19/03/2018 - 15:45

City greens hits the spot

19/03/2018 - 15:45

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City workers seem to have developed an appetite for salad bar City Greens Co on St Georges Terrace, prompting the launch of two more venues in the CBD and with a potential national rollout on the cards.

City greens hits the spot
Justin Locke is aiming to sustain time-poor office workers with fast fresh-food options. Photo: Attila Csaszar

City workers seem to have developed an appetite for salad bar City Greens Co on St Georges Terrace, prompting the launch of two more venues in the CBD and with a potential national rollout on the cards.

Driven by local entrepreneur Justin Locke, who owned and operated fashion chain stores Subway DC and Wasteland in Perth for 20 years, City Greens Co opened at the end of Trinity Arcade in November.

The business focuses on the farm-to-fork philosophy of using local and organic produce, sourced mostly from growers in the Perth hills, while also offering a range of raw treats, cold pressed juices and the health drink kombucha.

“More people want provenance on what they’re eating,” Mr Locke told Business News.

“There’s just not much happening here when it comes to healthy food in the CBD.

“There are other operators in this market niche but I don’t view anyone as a direct competitor as no-one is making individually prepared salads; they’re all pre-prepared and pre-dressed, ours are individually made and individually dressed.

“We’ve had week-on-week growth and we’re happy with the sales figures, it’s all trending in the right direction.”

Mr Locke came up with the idea for City Greens Co two years ago; having closed his fashion businesses, he was on sabbatical, completing a course with the Australian Institute of Company Directors and an MBA, and undertaking a thesis focused on hospitality with the intention of opening a ‘hip’ hotel.

“I stayed in different hotels for two weeks across Los Angeles and New York interviewing hotel executives, and while doing that I was constantly looking for somewhere to eat,” he said.

“There’s a plethora of salad chains and bars over there and it’s really popular – one store had a queue of over 60 people and it was minus 10 (degrees) in Manhattan.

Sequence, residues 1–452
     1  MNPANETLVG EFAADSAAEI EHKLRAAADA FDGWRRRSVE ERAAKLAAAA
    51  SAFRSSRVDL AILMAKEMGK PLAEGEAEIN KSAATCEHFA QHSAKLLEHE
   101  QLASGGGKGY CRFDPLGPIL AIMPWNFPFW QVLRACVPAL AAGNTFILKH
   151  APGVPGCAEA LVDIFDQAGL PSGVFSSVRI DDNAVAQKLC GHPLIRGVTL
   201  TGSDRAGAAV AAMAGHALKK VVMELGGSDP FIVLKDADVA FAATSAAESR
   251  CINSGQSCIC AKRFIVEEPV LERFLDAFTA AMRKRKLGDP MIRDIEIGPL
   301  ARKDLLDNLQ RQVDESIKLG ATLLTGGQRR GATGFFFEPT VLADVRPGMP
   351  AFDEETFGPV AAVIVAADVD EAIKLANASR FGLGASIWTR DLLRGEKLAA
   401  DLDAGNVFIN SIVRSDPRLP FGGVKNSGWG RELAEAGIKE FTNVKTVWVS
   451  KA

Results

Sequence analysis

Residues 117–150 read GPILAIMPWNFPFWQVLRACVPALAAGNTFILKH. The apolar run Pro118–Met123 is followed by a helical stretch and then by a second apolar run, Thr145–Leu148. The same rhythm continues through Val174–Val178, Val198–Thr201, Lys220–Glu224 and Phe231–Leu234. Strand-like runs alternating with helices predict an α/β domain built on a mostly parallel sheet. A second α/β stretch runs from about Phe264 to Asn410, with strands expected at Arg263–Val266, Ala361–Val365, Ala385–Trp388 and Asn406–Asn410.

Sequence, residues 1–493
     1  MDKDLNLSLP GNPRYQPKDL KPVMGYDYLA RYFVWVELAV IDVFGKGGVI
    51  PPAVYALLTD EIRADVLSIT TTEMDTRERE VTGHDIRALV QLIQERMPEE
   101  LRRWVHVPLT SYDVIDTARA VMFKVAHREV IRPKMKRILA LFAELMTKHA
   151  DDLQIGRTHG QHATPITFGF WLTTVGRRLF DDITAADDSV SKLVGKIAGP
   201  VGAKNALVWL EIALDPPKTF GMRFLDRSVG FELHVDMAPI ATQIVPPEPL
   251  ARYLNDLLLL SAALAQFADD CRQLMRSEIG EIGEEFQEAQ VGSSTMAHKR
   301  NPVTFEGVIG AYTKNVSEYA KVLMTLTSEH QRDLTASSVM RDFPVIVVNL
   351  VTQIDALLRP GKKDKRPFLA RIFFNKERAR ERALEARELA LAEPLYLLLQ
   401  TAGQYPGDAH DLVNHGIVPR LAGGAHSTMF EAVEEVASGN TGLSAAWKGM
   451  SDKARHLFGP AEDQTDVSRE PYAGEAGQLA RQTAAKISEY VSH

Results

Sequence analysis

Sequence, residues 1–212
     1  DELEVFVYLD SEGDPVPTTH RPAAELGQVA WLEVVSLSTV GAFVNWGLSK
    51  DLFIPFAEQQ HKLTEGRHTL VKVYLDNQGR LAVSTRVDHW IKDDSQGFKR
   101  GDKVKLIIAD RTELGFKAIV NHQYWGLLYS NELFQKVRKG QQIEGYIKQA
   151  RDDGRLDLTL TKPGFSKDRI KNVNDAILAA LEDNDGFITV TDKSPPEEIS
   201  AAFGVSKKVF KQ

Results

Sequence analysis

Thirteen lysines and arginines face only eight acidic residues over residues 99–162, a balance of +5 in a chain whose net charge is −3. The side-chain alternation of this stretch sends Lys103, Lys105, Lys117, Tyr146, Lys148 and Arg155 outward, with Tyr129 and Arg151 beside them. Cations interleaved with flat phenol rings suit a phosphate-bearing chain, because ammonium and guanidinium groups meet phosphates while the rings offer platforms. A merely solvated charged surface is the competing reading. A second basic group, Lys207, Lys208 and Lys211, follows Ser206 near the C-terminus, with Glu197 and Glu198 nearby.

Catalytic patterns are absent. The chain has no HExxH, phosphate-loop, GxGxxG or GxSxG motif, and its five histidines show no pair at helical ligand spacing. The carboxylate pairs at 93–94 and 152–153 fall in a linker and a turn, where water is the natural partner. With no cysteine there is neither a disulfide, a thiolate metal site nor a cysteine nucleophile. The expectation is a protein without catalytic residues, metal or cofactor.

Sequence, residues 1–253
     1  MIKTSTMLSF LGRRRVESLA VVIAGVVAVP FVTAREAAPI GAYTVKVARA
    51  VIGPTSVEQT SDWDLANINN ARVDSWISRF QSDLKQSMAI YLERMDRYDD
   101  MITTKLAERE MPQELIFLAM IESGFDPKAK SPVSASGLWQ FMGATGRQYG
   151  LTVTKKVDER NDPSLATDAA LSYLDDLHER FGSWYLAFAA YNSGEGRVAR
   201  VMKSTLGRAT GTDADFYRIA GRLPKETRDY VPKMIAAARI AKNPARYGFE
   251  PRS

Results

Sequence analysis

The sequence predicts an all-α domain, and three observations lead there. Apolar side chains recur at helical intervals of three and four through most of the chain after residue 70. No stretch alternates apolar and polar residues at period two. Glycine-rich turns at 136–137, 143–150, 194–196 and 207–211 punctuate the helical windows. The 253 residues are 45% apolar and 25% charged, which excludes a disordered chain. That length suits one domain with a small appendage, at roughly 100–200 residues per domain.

“Their business model resonated with me, so I looked through every Australian city and at every health business model I could find.

“I made a plan and got a private equity funder from Asia to back me.”

City Green Co’s ingredients are collected and prepared offsite at a central kitchen in Subiaco, which Mr Locke said would eventually sustain three CBD sites, targeting time-poor office workers.

The business has also developed an ordering app to make the process faster.

Part of the business model includes adopting a zero carbon footprint through composting, coupled with the use of biodegradable cleaning products and tableware.

Negotiations are currently under way for a second store in Perth, which Mr Locke expects to open within the next two months, with a third planned to be up and running by September, all located on St Georges Terrace. 

“We’re focused on the central strip where most of the CBD workforce is domiciled, spacing stores at least at a 200 metre radius,” Mr Locke said.

He said his strategy was to open 17 stores across Australia within the next three years, launching in Adelaide in early 2019, followed by Sydney and Melbourne.

Brisbane was not on the agenda, however, as it already had an abundance of healthy food players in the market, Mr Locke said. 

“We’re not a franchise model, we’re going to grow and develop our own brand and stores,” he said.

“Food will come from the vicinity of each state and as close to the central kitchen as possible.”

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